Today in New Delhi, India
Oct 24, 2018-Wednesday
New Delhi
  • Humidity
  • Wind

In Anna season, India shows new resolve

A rush of anti-corruption action by states indicates what existing agencies can do-if empowered-and how much more is needed. Samar Halarnkar writes.

india Updated: Sep 06, 2011 01:23 IST
Samar Halarnkar
Samar Halarnkar
Hindustan Times
Samar Halarnkar,Central Bureau of Investigation,CBI

You could certainly call it a nationwide Anna effect - but a wave of action against corruption and governance failures appears to reveal little need for a Lokpal, the proposed all-powerful anti-corruption ombudsman.

Monday's arrest by the Central Bureau of Investigation (CBI) of powerful former Karnataka BJP tourism minister Janardhan Reddy and the CEO of his mining is independent of corruption charges filed last month by the Lokayukta against former chief minister, BS Yeddyurappa, and the shock arrest of his former industries minister, accused of selling public land for private profit.

"My report had nothing to do with the CBI action," said former Lokayukta Justice Santosh Hegde, an indication of the inherent strength of various agencies.

The Lokayukta mining investigation unfolded in Karnataka over five years; the CBI investigation of the Reddys in Andhra Pradesh took two

A series of recent actions in other states is more evidence that India's existing agencies and governments are capable of becoming serious in the fight against corruption - if they are determined and so empowered. Some states, reacting to rising public expectations, are passing new laws to punish officials for administrative failures or reversing support to public servants accused of corruption.

One example is UP, where the ruling Bahujan Samaj quickly dropped its defence of animal husbandry minister Awadhpal Singh Yadav after a Lokayukta report recommended his dismissal after he ordered officials to give contracts, without tenders, to build 14 hospitals to a company run by his son.

In Tamil Nadu, special investigators and courts are at work against politicians accused of grabbing land. Chief minister J Jayalalithaa, herself previously accused of corruption, told the state assembly on August 24 that land valued at Rs 415 crore had been restored to owners.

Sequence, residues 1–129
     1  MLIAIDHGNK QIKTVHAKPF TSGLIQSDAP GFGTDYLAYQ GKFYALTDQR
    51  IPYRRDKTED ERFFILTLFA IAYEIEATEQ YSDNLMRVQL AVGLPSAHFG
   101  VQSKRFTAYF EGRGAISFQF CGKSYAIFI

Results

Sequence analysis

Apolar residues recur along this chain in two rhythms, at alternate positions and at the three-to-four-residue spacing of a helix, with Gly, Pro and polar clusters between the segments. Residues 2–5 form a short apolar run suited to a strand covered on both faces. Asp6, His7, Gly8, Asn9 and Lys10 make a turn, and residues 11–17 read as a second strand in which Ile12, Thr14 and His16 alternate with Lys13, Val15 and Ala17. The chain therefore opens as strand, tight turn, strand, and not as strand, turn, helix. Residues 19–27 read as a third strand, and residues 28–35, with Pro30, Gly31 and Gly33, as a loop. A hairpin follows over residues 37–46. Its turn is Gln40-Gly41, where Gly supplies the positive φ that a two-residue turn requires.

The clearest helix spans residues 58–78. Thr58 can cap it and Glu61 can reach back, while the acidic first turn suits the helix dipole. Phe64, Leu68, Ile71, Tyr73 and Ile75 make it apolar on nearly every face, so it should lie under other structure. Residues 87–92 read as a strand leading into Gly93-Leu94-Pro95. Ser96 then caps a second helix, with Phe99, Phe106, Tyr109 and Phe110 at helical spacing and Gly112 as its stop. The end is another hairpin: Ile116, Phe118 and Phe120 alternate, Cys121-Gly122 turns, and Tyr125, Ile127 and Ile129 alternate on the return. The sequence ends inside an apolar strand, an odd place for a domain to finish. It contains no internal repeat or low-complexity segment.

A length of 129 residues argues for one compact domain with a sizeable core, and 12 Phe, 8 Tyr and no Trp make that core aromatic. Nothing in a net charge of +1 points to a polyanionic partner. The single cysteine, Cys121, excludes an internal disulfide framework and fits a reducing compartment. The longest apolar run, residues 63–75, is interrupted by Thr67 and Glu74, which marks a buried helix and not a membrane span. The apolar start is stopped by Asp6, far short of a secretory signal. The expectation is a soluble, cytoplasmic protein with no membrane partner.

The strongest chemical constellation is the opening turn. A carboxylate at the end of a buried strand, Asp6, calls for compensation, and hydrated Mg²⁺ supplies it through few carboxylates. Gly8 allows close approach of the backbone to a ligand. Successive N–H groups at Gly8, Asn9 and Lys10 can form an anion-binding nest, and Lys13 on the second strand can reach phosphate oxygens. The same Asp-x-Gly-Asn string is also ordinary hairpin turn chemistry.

There is much to be skeptical about. Despite the Andhra Pradesh move against the Reddys, who were close to former chief minister YS Reddy, no IAS of IPS officer has ever been jailed for corruption (the only IAS officer dismissed was for insubordination), despite many requests - 15 in 2010 - for prosecution.

Rajasthan, which has just passed a new act to ensure public services, has, similarly, never jailed a public servant.

Yet, without having the kind of powers envisaged for the Lokpal, the Karnataka Lokayukta has been one of India's strongest, filing charges against hundreds of bureaucrats and politicians, knowing permission to prosecute is rare.

Last month, former BJP industries minister and strongman Katta Subramanya Naidu and his corporator son Katta Jagadish Naidu went into a special Lokayukta court joking and emerged weeping when the judge ordered jail, pending trial for a corruption charges filed by the agency's police wing.

The season of public disaffection can be a spur to political change, some argue.

"There are honest people in all these parties, people who have been sidelines so far," said SR Hiremath, a whistleblower in the Bellary mining scam.

"A corruption-free administration is our birthright, like swaraj (self-rule), and we must strive for it."

What's possible-without a Lokpal
On Monday, suspended Bihar IAS officer SS Verma - accused of having illegally earned assets of Rs 1.44 crore - became the first bureaucrat to have his house in Patna confiscated under a law called the Bihar Special Courts Act, 2009, which allows such an action during a corruption trial. Special vigilance courts have ordered three such confiscations since last December.

On Monday, the state cabinet approved the Chattisgarh Public Services Guarantee Act, 2011, which forces timelines on officials for public services and fines for violations.

On August 17, UP chief minister Mayawati, herself previously accused of corruption and tax dodges, after first defending them, dropped two ministers on the recommendations of the state Lokayukta, which cannot prosecute or arrest them.

On August 29, the Rajasthan assembly passed a bill called the Rajasthan Guarantee of Public Services Act, 2011. Officials can be fined for administrative failures in 53 public services.

In Tamil Nadu, four former ministers are in jail on charges of land grabbing; 400 such cases filed in three months are being processed through special investigative cells and special courts with instructions that no one, regardless of political affiliation should be spared.

(With reports from Lucknow, Jaipur, Raipur, Patna, Chennai and Hyderabad)

First Published: Sep 05, 2011 22:19 IST